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(Reuters) - Cruise operator Carnival Corp (CCL.N), grappling with a series of recent headline-grabbing mishaps involving its ships, said on Friday it returned to profitability in the latest quarter but cut its revenue and profit forecast for the year.
Carnival, whose Carnival, Holland America and Costa lines make it the world's largest cruise operator, cited weakness in Europe and pricing promotions aimed at attracting customers for the reduced forecast. Its shares fell more than 2 percent to $34.90 in midday training.
The spate of mishaps has dented demand for Carnival's vacation cruises and slashed revenue per cabin.
Earlier this week, the company cut short a Caribbean cruise after an engine problem idled its Carnival Dream ship in St. Maarten. Last month, its Carnival Triumph was adrift for days in the Gulf of Mexico following an engine fire, and passengers described an overpowering stench as toilets overflowed.
In the most recent incident, the Carnival Legend canceled a scheduled stop on Friday on Grand Cayman, Cayman Islands, to return to its home port in Tampa after technical difficulties affected its sailing speed.
The accumulation of incidents, especially the Carnival Triumph debacle, is hurting business, executives conceded on a Friday call with Wall Street analysts.
For the remaining three quarters on a fleet-wide basis, bookings are behind last year at slightly lower pricing, they said. The company now expects net revenue yields to be flat this year, versus an earlier forecast that they would rise 1 percent to 2 percent.
At a conference earlier this week, Carnival announced it had launched a comprehensive review of its entire fleet.
On Friday's conference call, Chief Operating Officer Howard Frank defended Carnival's record.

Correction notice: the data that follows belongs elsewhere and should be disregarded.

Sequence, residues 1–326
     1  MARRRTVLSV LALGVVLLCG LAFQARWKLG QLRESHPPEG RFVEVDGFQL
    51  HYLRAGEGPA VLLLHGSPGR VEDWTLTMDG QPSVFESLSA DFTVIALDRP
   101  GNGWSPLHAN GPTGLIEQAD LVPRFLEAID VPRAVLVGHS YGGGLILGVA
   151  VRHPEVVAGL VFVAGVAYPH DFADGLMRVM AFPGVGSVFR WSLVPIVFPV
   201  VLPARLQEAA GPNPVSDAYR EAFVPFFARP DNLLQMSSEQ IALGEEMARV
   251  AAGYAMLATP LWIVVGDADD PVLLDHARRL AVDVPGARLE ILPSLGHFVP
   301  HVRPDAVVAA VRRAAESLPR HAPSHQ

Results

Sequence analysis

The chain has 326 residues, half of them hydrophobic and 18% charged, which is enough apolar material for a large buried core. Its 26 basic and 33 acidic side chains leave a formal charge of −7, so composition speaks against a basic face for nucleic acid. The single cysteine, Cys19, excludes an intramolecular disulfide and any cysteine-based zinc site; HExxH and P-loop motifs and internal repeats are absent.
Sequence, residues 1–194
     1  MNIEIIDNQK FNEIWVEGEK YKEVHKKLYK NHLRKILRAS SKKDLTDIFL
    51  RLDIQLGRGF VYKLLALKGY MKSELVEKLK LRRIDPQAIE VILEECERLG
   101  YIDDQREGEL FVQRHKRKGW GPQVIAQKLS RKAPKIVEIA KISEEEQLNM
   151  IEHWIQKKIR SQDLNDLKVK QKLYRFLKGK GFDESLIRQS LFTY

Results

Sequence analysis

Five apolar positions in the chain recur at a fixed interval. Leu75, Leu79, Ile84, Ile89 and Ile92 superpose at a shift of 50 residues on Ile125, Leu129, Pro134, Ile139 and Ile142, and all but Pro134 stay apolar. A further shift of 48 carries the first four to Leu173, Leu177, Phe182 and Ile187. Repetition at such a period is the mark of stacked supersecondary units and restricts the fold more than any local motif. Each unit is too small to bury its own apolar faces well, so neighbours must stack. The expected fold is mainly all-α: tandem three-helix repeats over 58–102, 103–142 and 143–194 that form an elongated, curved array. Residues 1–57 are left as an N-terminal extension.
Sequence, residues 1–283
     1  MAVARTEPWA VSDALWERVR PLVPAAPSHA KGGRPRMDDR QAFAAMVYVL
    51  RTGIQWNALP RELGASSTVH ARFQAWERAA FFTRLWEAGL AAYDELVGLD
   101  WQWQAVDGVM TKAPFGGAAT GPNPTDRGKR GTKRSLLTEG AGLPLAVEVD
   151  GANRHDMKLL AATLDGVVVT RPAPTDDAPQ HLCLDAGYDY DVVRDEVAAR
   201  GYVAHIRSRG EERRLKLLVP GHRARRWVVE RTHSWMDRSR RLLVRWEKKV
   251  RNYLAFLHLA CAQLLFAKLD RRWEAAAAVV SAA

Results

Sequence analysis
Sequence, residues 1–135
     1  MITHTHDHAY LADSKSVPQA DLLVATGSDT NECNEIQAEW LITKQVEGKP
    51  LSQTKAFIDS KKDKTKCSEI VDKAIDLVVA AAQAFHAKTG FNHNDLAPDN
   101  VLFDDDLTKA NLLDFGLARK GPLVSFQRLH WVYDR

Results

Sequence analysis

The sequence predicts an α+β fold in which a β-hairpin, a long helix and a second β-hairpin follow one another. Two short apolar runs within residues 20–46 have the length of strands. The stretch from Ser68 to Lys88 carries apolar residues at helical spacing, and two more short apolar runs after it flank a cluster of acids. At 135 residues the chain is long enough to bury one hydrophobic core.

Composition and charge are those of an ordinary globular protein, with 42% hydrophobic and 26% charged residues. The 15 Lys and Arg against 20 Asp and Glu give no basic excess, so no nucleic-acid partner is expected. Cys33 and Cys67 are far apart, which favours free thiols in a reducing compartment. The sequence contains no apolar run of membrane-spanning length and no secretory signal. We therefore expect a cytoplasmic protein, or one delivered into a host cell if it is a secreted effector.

"I want to emphatically state that all of the ships in our fleet are safe and the work we are planning will add further enhancement to the safety systems already in place," Frank said.
The company needs to emphasize its response to safety problems in its marketing even more if it wants bookings and pricing to return to normal levels, one analyst said.
"It's really time to figure how they want to market this. It has to be more about safety," Morningstar analyst Jaime Katz told Reuters. "You need to sail the ships full."
Bookings had been increasing compared with a year ago when demand for cruises plunged after Carnival's Costa Concordia ran aground off the Italian coast, killing 32.
While demand is improving in Europe, Frank said the tough economy is preventing a quicker recovery in prices. After the Costa Concordia grounding, the company had to offer deals to lure passengers back.
Carnival said the lower profit and sales forecast stemmed from weak demand in Europe, the need to offer price promotions for its flagship brand and weaker-than-expected on-board revenues.
Carnival now expects full-year earnings of $1.80 to $2.10 per share, down from its earlier forecast of $2.20 and $2.40, mostly because of the expenses to fix the Triumph and lost bookings.
Carnival reported net income of $37 million, or 5 cents per share, on revenue of $3.59 billion for the first quarter ended February 28. Net revenue yields fell 2.3 percent in the period.
A year earlier, it posted a loss of $139 million, or 18 cents a share, on revenue of $3.58 billion.
Reporting by Phil Wahba in New York; Editing by Gerald E. McCormick, Jeffrey Benkoe and Dan Grebler